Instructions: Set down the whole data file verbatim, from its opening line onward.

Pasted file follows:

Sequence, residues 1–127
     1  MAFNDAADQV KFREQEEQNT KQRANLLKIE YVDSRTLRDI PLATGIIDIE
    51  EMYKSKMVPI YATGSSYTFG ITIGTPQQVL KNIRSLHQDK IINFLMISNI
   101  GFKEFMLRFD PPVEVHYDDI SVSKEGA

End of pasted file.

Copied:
Sequence, residues 1–127
     1  MAFNDAADQV KFREQEEQNT KQRANLLKIE YVDSRTLRDI PLATGIIDIE
    51  EMYKSKMVPI YATGSSYTFG ITIGTPQQVL KNIRSLHQDK IINFLMISNI
   101  GFKEFMLRFD PPVEVHYDDI SVSKEGA